Opting for a 7-inch screen (the iPad’s is 9.7 inches), the Flyer could be a replacement for a smart phone (sans the phone) or a laptop. Currently, it runs Android 2.3 (Gingerbread), the latest in Google’s smartphone stable, not the tablet-oriented Android 3.0 (Honeycomb). But this was done by design to allow the user to take advantage of other HTC advances, such as an LCD touch screen and a user interface that is nearly identical to that of HTC’s successful handset, the Samsung Sense. The biggest advantage is it allowed HTC to write a significant amount of software for the Flyer’s Magic Pen accessory. The pen is an aluminum stylus that comes with each Flyer (HTC provides a free case to hold both the tablet and pen) that not only allows users to take notes, but also capture screenshots of any website and write notes over it. This application would be highly useful for use with Android apps such as AutoCAD WS, which allows users to share 2D plans with tablets and smart phones. Now builders can take notes on top of their 2D plans. The device’s Notes app also takes timestamps of everything the user changes.
The potential uses for a pen-and-tablet PC combination on a construction site are endless (punchlists, submittals, material audits, etc.), and the Flyer could easily replace a smartphone for today’s construction office personnel. The key, though, will be the development of more apps by both HTC and independent Android developers. Right now, HTC’s Notes application is the only app that takes full advantage of the Magic Pen.
Blackberry Playbook: Flash-enabled, business-friendly
The Blackberry Playbook runs a very industry- and business-friendly OS, called QNX. If your employees already have Blackberries or other RIM devices, giving them Playbooks will keep them just as secure and IT-controlled as those Blackberries already are. The Playbook supports Flash, displays Powerpoint presentations quite well, and has a custom version of the Adobe Reader PDF viewing software. Its Android compatibility, however, is a bit questionable — users are required to open an Android app player to run any Android app.
Samsung Galaxy Tab 10.1: strong video capability
The Samsung Galaxy Tab 10.1 weighs in at just 1.24 lbs. and measures 10.1 x 6.9 x 0.39 inches. It’s an easy-to-carry, compact Android 3.1 (Honeycomb) tablet that can still pack a strong, 720P video punch, thanks to its NVIDIA Tegra 2, 1Ghz dual-core processor. Along with the Motorola Xoom, it’s one of the slimmest tablets on the market.
Motorola Xoom: smallest on the market
Clocking in at 9.8 x 6.6 x 0.51 inches and only 25.75 ounces, the Motorola Xoom is the smallest and lightest tablet on this list and is the long-awaited device that takes complete advantage of the Android 3.1 (Honeycomb) OS to compete with the iPad. If you want a more PC-like experience on a multi-touch tablet than what you get with the iPad, the Xoom is your device. With a native Honeycomb OS and widgets, it delivers all the apps developed for Android, has an excellent web browser, and includes Flash, so you can view those Flash sites in their natural form. It’s available for $599 with a two-year contract with carrier Verizon.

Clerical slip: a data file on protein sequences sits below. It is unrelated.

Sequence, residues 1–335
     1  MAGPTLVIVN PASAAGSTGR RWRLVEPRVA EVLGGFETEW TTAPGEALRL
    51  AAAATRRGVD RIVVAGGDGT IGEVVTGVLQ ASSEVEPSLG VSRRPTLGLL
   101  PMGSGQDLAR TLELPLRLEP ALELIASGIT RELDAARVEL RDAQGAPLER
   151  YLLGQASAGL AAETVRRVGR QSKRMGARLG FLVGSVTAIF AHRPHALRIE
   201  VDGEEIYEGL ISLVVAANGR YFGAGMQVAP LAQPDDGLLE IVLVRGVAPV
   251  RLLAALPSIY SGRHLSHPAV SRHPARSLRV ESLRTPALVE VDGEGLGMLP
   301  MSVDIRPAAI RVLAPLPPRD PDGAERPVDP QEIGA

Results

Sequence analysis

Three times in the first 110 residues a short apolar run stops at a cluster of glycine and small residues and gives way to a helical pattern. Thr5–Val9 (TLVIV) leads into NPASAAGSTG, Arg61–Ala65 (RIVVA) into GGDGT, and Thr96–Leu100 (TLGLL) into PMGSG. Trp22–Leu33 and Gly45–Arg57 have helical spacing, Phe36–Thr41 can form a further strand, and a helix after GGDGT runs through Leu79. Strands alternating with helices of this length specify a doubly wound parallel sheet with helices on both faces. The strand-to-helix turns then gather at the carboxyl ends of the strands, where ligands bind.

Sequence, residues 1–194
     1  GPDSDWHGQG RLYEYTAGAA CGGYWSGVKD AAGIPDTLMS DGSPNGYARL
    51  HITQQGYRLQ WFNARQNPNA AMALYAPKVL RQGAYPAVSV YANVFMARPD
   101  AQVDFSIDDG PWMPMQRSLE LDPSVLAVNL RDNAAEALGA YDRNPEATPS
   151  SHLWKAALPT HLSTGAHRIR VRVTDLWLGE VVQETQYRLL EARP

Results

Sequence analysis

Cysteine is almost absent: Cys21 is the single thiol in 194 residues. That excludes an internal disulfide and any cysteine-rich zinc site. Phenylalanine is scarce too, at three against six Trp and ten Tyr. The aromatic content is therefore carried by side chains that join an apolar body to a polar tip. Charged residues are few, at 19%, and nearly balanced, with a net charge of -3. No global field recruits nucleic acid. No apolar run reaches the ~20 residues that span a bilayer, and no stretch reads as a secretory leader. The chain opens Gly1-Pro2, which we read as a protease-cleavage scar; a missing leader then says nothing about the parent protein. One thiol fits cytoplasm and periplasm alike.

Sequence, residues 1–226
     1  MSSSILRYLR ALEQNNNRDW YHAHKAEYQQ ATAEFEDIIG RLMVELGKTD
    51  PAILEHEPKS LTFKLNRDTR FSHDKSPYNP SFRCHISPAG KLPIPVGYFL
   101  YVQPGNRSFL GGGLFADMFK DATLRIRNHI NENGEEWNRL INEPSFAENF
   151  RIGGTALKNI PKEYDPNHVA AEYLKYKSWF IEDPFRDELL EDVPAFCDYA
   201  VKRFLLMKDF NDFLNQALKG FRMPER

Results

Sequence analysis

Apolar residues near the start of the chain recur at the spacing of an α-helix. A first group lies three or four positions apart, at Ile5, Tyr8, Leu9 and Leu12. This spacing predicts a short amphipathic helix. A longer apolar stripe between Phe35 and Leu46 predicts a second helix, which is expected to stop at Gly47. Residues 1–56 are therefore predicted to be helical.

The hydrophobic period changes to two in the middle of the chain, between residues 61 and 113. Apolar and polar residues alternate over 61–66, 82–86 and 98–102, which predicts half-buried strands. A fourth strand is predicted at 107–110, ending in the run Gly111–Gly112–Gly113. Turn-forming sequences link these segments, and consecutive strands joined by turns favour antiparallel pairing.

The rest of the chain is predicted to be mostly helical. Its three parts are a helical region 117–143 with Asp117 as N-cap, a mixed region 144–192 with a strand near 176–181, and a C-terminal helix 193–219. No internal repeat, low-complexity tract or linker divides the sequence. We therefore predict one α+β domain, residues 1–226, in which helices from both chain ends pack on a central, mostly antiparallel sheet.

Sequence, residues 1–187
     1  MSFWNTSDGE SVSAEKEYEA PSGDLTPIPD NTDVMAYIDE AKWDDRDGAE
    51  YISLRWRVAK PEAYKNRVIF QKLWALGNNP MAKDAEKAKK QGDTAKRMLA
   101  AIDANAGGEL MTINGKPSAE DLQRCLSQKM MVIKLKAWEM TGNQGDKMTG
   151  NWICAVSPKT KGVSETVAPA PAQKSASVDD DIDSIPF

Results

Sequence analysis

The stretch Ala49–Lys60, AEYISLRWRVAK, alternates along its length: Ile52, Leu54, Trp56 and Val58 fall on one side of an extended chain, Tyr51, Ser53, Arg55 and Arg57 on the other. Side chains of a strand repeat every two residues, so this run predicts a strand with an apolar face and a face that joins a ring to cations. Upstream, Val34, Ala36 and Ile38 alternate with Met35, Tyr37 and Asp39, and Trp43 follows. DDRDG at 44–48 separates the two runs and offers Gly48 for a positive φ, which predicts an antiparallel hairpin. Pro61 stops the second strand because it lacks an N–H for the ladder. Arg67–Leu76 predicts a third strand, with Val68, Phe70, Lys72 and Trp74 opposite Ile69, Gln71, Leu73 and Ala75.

Trimble Tablet: rugged design, 3D viewing capability
The Trimble Tablet is a rugged touch-screen tablet PC with a 7-inch sunlight-readable screen, a cellular modem, GPS, and controller. There are two different versions of Trimble’s Field Link software available with the Windows 7 tablet — one for mechanical, electrical, and plumbing contractors and one for steel, concrete, and general contractors.
The company has produced field products before, but this is the first with a full 3D model viewer that allows personnel to view 3D DWG and DXF design models in the field. The Trimble Tablet connects wirelessly to Trimble’s SPS series Total Stations and GNSS Receivers. If your construction task doesn’t require high accuracy GNSS, you can use the Trimble Tablet’s internal GPS with SBAS corrections for field positioning.
Panasonic Toughbook H2: military-grade toughness
The newly released Panasonic Toughbook H2 includes a 10.1-inch, dual-touch display that offers both digitizer (pen) and touch-screen functionality. The display also features Panasonic’s TransflectivePlus display technology, which can generate up to 6,000 nit of transflective brightness, in addition to a circular polarizer and antiglare/antireflective screen treatments, making it easily viewable in direct sunlight. The device is certified on the Sprint and Verizon Wireless 3G networks and features Wi-Fi, Bluetooth, and optional Gobi2000 3G mobile broadband technology from Qualcomm.
Like all Toughbooks, the H2 is MIL-STD-810G tested, meaning it’s certified for military use after passing rigorous testing that includes a 6-foot drop test. It is designed to be operational in extreme weather conditions and is engineered and certified for vehicle use. The H2 also boasts an Intel Core i5-2557M vPro processor (1.7GHz with Turbo Boost up to 2.7GHz) for faster speeds and enhanced device management.
However, all that rigidity does cost extra. The H2 has an estimated street price of $3,449 through Panasonic resellers. Panasonic recently announced it’s developing an Android tablet to be released this fall that might be more in line with the cost of other tablets.